In the following passage from The Glass Palace, a rich, layered, epic novel set primarily in Burma and India cataloging the evolving history of those regions before and during the fraught years of the second world war and India's independence struggle, Amitav Ghosh lovingly describes a meal.
Ilongo left and another place was laid at the table, next to Alison's. Arjun seated himself and Alison began to pile his plate with food.
"We call this ayam limau purut - chicken with lime leaves and tamarind; and here's some prawn sambal with screwpine leaves; and these are belacan brinjals; and over there is some chinchalok with chillies - shrimps, pickled in lime juice; and this is fish steamed with ginger buds..."
"What a feast! And this is an everyday dinner?"
"My mother was always very proud of her table," Alison said. "And now it's become a habit of the house."
Arjun ate with gusto. "This food is wonderful!"
"Your aunt Uma loved it too. Do you remember, Dinu? That time?"
"Yes I do." Dinu nodded. "I think I even have pictures."
"I've never eaten anything like this," Arjun said. "What is it called?"
"It's Nyonya food," Alison said. "One of the world's last great secrets, my mother used to say."
Suddenly Saya John spoke up, catching them all by surprise."It's the flowers that make the difference."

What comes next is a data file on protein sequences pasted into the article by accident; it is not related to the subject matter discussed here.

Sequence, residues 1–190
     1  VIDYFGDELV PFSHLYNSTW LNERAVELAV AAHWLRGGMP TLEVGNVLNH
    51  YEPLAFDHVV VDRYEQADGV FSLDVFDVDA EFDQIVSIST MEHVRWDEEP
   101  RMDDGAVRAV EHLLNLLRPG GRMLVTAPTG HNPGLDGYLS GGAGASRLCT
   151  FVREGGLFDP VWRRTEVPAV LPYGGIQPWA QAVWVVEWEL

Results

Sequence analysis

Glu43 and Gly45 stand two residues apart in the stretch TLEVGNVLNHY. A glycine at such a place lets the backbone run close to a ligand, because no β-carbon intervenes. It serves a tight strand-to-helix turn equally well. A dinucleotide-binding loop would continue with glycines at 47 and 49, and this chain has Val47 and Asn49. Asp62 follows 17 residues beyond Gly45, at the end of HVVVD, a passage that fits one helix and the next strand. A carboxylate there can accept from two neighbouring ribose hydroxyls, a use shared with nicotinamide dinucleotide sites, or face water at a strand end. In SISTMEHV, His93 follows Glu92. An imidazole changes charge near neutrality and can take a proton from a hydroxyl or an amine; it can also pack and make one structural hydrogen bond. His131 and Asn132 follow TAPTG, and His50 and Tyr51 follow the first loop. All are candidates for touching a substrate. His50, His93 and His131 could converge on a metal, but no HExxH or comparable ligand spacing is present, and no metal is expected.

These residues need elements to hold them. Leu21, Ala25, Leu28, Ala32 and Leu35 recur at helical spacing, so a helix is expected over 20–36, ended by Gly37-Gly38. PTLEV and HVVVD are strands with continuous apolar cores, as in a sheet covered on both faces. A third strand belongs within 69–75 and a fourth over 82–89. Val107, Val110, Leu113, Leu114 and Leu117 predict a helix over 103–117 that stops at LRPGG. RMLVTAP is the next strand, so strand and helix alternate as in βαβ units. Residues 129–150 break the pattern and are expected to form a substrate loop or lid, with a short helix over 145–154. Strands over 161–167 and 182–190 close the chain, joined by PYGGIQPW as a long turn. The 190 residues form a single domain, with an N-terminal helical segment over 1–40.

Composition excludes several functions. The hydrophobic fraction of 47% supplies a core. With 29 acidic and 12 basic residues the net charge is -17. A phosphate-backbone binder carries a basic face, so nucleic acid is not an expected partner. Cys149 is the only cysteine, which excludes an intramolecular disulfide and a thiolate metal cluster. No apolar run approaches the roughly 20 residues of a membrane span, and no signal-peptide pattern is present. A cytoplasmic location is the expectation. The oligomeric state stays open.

"The flowers, Grandfather?"
Saya John looked at Arjun with eyes that were fleetingly clear. "Yes - the flowers in the food. Bunga kentan and bunga telang - ginger flowers and blue flowers. They're what give the food its taste. That's what Elsa always says."
Burmese food has always fascinated me too, and the following recipe (adapted from Under the Golden Pagoda by Aung Aung Taik) has become a recent favorite. Almost childishly simple to cook, it nevertheless results in a deeply satisfying dish bursting with subtle but complex flavors.
Nananpin Ngakhu Hin
Catfish Curry with Tomato and Cilantro
One 3-pound catfish, cut into 1-inch-thick steaks
1/2 teaspoon ground turmeric
1/2 teaspoon salt
1/4 cup vegetable oil
1 yellow onion, finely chopped
3 cloves garlic, finely minced
1 teaspoon paprika
1 cup chopped tomato
8 sprigs fresh cilantro
Rub the fish steaks with turmeric and salt. Let stand for 30 minutes.
Heat the oil in a large, 3-inch deep frying pan over medium heat. Add the onion, garlic, paprika, and tomato and saute until the onion is translucent, about 5 minutes. Add the water, cover, and simmer until liquid is reduced by three quarters, about 20 minutes.
Lay the fish steaks flat in the pan; do not overlap the steaks if possible. Spoon the pan juices over the fish. Cover, and cook until the fish is done, about 10 minutes. Turn off the heat, sprinkle with the cilantro, and let stand, covered, for about 15 minutes before serving.